abstract = "A transducer consists of an input/output alphabet, a finite set of states, and a transition function. From an input symbol applied to a given state, the transition function determines the next state, and an output symbol. Using DNA, we have constructed a transducer that divides a number by 3. The input consists of a series of individually addressable 2-state DNA nanomechanical devices that control the orientations of a group of flat 6-helix DNA motifs; these motifs have edge domains tailed in sticky ends corresponding to the numbers 0 and 1. Three-domain DNA molecules (TX tiles) act as computational tiles that correspond to the transitions that the transducer can undergo. The output domain of these TX tiles contains sticky ends that also correspond to 0 or 1. Two different DNA tiles can chelate these output domains: a 5 nm gold nanoparticle is attached to the chelating tile that binds to 0-domains and a 10 nm gold nanoparticle is attached to the chelating tile that binds to 1-domains. The answer to the division is represented by the series of gold nanoparticles, which can be interpreted as a binary number. The answers of the computation are read out by examination of the transducer complexes under a transmission electron microscope. The start or end points of the output sequence can be indicated by the presence of a 15 nm gold nanoparticle. This work demonstrates two previously unreported features integrated in a single framework: a system that combines DNA algorithmic self-assembly with DNA nanomechanical devices that control that input, and the arrangement of non-DNA species, here metallic nanoparticles, through DNA algorithmic self-assembly. The nanomechanical devices are controlled by single-stranded DNA strands, allowing multiple input sequences to be applied to the rest of the system, thus guiding the algorithmic self-assembly to a variety of outputs.",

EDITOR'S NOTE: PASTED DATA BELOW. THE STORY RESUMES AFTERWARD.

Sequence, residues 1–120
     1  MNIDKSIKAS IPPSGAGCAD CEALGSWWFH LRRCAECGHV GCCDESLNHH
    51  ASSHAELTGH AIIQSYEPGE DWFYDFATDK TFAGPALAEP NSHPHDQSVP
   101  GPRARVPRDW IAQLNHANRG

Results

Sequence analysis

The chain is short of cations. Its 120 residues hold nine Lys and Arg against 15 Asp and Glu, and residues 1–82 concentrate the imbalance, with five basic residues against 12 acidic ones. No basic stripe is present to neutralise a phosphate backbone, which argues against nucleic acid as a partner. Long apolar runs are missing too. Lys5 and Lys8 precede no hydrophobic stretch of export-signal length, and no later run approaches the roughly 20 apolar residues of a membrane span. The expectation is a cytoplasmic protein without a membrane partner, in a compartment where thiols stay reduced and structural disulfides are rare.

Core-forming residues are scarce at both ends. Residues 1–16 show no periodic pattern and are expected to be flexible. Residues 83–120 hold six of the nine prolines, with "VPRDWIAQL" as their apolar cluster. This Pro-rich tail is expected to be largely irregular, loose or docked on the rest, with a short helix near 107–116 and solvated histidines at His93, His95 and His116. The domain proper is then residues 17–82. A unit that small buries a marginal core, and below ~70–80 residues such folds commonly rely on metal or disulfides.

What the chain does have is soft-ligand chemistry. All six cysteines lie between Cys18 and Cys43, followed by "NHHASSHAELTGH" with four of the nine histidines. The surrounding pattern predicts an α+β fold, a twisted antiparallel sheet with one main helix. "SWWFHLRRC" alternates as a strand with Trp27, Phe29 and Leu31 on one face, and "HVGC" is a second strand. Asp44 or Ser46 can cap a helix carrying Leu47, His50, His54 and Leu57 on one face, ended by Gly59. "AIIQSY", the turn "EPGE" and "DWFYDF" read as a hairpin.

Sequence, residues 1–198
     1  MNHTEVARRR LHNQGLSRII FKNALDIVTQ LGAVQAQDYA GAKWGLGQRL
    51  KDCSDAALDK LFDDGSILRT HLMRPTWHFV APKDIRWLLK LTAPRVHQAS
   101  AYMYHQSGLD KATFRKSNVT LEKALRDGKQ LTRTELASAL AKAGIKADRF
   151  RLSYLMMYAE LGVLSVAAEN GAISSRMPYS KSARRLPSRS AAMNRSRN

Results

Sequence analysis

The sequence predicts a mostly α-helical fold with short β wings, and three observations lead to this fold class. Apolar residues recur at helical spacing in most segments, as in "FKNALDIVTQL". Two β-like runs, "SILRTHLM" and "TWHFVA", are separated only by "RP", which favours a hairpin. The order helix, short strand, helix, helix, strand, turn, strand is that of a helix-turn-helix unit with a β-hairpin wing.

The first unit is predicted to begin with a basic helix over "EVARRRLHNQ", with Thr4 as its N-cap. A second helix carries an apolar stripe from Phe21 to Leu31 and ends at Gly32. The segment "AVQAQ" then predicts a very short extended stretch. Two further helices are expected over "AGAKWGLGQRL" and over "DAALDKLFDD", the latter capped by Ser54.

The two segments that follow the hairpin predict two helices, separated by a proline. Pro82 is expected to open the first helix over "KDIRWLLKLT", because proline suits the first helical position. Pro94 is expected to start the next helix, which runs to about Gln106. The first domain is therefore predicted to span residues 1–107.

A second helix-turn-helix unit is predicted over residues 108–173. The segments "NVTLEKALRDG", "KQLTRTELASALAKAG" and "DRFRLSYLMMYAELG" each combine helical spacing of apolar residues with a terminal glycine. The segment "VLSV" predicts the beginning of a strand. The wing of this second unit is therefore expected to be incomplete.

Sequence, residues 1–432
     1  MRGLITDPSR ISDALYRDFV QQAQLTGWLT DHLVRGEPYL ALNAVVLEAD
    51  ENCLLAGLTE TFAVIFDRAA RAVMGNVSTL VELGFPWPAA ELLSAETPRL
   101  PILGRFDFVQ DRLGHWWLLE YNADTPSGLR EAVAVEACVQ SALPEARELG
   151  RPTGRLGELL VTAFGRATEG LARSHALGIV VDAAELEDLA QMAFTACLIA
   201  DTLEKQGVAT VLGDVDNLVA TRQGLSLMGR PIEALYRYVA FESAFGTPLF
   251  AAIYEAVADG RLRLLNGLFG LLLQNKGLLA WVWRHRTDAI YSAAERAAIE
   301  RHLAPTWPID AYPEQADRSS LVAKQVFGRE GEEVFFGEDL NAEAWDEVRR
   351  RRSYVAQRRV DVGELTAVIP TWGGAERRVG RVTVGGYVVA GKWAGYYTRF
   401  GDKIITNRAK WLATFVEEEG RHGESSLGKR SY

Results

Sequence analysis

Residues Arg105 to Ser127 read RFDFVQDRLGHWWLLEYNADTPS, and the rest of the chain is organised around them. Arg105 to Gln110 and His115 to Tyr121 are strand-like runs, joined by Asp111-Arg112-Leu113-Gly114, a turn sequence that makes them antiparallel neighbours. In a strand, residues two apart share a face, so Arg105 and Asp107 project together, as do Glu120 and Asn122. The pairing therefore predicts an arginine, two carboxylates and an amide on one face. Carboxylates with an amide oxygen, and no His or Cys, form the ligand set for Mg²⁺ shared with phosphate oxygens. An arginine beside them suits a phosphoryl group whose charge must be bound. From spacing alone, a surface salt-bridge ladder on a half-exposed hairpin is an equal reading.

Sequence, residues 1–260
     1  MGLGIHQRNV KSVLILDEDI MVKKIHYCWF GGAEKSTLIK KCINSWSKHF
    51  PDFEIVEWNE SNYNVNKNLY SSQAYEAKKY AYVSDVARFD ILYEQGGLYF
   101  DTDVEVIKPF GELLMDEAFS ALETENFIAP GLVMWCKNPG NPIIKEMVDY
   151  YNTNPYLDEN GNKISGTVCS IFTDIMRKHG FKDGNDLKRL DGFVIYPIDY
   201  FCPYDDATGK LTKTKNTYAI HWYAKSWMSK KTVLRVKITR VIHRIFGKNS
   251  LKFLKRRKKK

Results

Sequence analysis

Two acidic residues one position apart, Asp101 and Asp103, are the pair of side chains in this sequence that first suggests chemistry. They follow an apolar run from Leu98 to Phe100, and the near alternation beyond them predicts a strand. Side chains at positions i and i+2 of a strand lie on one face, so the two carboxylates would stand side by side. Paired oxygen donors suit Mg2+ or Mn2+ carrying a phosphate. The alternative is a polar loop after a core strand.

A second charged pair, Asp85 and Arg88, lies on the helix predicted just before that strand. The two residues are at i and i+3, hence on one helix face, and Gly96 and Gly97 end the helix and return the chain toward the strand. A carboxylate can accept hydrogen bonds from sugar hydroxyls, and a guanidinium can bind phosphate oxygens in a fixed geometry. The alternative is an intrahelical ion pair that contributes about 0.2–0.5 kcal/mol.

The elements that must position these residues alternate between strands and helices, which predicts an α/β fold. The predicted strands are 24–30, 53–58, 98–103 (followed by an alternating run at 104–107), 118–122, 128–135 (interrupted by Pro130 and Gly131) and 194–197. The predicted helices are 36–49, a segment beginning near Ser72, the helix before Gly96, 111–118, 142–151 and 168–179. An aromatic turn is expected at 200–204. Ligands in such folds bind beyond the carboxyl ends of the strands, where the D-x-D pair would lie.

author = "Banani Chakraborty and Natasha Jonoska and Nadrian Seeman",